Winston-Salem State University celebrated its 124th birthday and long legacy of educating future leaders on Wednesday, Sept. 28, with 2,000 red and white cupcakes.
It’s not everyday that anyone can say, “I have been nominated for an Emmy Award.” But, a Winston-Salem State University (WSSU) associate professor of music can say that. Even though the entry he was associated with did not win, just getting the nomination was a big deal.
Dr. Tony Artimisi, WSSU Liberal Studies chair and associate professor of music, is smiling these days because an episode of the television show Ruby’s Studio entitled “The Siblings Show”, where he contributed drums and percussion on the soundtrack “Boss of My Body” was nominated for an Emmy for “Musical Composition/Arrangement.”
“It’s definitely an honor and I am thankful for the opportunity,” said Artimisi about the nomination. “That doesn’t happen everyday.”
Artimisi recorded his drum and percussion parts for the video in the university’s recording studio in the Anderson Center, where his drums are located. He explained he was hired for the recording by composer Christian Moder, who was directly nominated for the Emmy.
Artimisi discussed his life in music and what the nomination meant to him.
Artimisi, who joined the WSSU faculty in 2005, teaches percussion and is coordinator of the Music Business program. Prior to joining the faculty at WSSU, he was an adjunct faculty member at Tennessee State University in Nashville, Tennessee.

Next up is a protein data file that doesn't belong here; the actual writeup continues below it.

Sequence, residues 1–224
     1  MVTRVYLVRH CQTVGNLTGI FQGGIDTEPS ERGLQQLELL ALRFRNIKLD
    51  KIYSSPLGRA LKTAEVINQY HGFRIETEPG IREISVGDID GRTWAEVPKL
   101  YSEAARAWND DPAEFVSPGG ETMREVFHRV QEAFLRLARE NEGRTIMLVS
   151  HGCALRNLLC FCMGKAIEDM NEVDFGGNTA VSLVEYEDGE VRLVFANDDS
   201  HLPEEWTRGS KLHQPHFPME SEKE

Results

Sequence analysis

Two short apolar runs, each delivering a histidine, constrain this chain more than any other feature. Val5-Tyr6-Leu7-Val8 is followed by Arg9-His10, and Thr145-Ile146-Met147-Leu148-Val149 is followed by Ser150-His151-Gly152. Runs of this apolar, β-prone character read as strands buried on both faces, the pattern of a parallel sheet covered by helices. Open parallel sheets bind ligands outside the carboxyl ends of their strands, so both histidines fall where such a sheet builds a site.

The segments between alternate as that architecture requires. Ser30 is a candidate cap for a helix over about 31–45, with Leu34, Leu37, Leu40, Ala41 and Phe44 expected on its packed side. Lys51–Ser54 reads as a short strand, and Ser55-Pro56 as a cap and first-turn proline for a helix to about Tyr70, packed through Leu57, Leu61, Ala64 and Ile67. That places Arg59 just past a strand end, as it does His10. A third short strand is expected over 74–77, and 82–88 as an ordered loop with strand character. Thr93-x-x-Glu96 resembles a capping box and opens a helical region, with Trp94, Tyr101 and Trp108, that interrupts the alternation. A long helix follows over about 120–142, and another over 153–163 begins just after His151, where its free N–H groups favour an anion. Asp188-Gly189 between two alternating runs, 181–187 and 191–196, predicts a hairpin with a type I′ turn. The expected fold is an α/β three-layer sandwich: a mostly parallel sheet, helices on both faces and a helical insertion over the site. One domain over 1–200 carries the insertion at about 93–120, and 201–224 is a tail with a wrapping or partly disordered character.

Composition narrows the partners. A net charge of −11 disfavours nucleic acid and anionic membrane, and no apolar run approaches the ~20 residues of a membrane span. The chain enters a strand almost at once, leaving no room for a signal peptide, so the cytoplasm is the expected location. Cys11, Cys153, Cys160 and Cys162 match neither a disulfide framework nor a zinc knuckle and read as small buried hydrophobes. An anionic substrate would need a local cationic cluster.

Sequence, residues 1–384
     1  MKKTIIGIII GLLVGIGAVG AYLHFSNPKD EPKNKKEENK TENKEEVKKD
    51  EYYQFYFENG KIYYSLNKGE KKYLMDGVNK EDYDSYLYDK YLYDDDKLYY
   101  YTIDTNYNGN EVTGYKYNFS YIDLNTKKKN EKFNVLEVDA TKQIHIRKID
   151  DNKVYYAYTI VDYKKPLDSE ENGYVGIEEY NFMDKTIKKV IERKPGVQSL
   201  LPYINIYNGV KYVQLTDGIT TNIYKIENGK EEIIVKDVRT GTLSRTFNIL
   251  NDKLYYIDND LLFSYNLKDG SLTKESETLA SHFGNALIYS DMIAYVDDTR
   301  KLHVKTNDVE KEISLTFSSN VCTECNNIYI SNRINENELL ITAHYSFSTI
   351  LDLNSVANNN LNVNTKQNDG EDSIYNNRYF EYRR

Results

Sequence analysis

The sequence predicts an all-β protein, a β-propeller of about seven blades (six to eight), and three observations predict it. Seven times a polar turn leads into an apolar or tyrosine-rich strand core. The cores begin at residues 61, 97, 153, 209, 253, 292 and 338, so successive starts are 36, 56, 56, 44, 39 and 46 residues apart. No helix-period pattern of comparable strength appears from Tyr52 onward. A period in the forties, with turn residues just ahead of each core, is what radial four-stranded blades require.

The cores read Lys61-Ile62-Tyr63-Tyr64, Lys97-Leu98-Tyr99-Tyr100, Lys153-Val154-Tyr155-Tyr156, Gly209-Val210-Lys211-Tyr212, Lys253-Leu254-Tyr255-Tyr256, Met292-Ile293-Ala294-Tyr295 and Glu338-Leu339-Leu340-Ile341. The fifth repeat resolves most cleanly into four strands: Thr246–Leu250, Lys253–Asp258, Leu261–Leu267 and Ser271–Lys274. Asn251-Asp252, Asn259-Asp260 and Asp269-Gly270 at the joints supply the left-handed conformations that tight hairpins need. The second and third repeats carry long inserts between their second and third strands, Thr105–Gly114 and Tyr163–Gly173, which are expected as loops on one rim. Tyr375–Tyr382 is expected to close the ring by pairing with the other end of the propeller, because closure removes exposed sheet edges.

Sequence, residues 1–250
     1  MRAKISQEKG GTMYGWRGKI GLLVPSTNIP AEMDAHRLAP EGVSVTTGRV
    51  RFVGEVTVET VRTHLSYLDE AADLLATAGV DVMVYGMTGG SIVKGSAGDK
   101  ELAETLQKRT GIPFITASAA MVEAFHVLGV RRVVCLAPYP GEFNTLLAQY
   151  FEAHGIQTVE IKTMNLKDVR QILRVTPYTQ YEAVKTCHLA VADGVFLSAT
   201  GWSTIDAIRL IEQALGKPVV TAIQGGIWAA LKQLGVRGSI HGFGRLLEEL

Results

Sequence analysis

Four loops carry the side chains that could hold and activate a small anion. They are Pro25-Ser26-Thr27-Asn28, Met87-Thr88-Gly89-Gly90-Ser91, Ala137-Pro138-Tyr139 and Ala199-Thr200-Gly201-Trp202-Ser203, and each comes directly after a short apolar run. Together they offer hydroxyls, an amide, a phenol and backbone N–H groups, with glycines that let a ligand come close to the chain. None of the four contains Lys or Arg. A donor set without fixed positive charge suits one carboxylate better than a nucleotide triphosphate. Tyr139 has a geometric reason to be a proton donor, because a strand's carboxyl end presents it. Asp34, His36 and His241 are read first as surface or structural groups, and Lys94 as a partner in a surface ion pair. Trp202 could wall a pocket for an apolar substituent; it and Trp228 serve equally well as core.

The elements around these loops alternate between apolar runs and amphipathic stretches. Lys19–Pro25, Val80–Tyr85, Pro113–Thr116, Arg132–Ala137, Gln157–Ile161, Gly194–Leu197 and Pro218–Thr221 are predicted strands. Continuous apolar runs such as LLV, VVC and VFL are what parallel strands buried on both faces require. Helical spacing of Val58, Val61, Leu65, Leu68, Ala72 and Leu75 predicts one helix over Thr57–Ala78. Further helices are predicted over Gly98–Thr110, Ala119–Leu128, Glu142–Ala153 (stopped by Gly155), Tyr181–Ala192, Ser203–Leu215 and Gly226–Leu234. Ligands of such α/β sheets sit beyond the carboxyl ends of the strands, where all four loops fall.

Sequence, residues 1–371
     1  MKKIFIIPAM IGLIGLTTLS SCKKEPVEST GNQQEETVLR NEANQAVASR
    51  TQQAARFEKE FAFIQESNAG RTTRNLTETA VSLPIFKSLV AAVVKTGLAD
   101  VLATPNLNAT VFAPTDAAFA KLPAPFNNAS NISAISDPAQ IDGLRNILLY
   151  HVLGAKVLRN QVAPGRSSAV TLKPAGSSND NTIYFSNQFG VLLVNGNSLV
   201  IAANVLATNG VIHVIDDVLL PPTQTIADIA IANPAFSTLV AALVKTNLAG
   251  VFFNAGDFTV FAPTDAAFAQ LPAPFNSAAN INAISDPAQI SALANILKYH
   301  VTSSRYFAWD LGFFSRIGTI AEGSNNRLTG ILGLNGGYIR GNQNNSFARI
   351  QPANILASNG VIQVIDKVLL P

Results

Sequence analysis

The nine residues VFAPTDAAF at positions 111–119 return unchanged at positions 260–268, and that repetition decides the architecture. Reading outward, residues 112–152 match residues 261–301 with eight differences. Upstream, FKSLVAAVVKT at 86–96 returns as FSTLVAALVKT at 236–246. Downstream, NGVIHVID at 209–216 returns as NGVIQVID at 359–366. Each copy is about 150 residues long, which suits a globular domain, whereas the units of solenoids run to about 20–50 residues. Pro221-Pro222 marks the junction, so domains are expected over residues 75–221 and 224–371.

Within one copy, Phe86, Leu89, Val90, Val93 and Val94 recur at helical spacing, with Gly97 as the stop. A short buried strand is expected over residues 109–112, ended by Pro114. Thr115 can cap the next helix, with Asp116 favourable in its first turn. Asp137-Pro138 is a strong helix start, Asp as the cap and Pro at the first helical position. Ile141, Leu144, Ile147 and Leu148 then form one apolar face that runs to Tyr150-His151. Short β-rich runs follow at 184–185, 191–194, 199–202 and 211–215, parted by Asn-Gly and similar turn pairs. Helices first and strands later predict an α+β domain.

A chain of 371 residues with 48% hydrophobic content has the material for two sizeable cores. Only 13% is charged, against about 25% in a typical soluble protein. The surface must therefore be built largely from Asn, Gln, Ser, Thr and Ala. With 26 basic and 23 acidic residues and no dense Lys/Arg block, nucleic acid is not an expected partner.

He is a featured artist for leading drum maker Mapex Drums and Paiste, Inc. cymbals. His other endorsements include Vic Firth Drumsticks, Grover Pro Percussion, and Moravian Percussion.
In addition to being a musician and academician, he is also an author and composer, having penned a number of musical compositions, articles, and books.
The Emmy awards show was Saturday, September 24, in Philadelphia.
Winston-Salem State University (WSSU) is one of four universities in the country participating in a new initiative that could drive down the cost of college by improving degree efficiency. The Purposeful Pathways: Faculty Planning for Curricular Coherence initiative is being spearheaded by the Association of American Colleges and Universities (AAC&U) thanks to a grant from The Teagle Foundation.
Universities with high degree efficiency see their students attempting fewer total credits before graduation. WSSU has already been a leader in North Carolina in addressing degree efficiency. By ensuring that curriculum has a clear path and by providing robust advising, the university has reduced the average number of credit hours a student attempts from 137 to 128 since 2013. The University of North Carolina System average is 139.2 credit hours. Most bachelor’s degrees require 120 credit hours of study.
“The rising cost of college is something that must be tackled on multiple fronts,” said WSSU Chancellor Elwood L. Robinson. “The difference between 128 credit hours and the UNC System average of 139.2 translates to about another semester’s worth of coursework. By helping our students graduate more efficiently, we are able to help them save thousands of dollars of tuition, room, and board. They also enter the workforce sooner, which gives them a head start in paying off any debt they did incur.”
To help students avoid taking more credits than necessary to complete their degrees, WSSU is taking a two-pronged approach. Faculty and administrators are taking a close look at how general education courses integrate with the majors and how they can meet the prerequisites required for advanced study. Meanwhile, advisors are working closely with students to help them identify the best courses to take to meet their graduation requirements.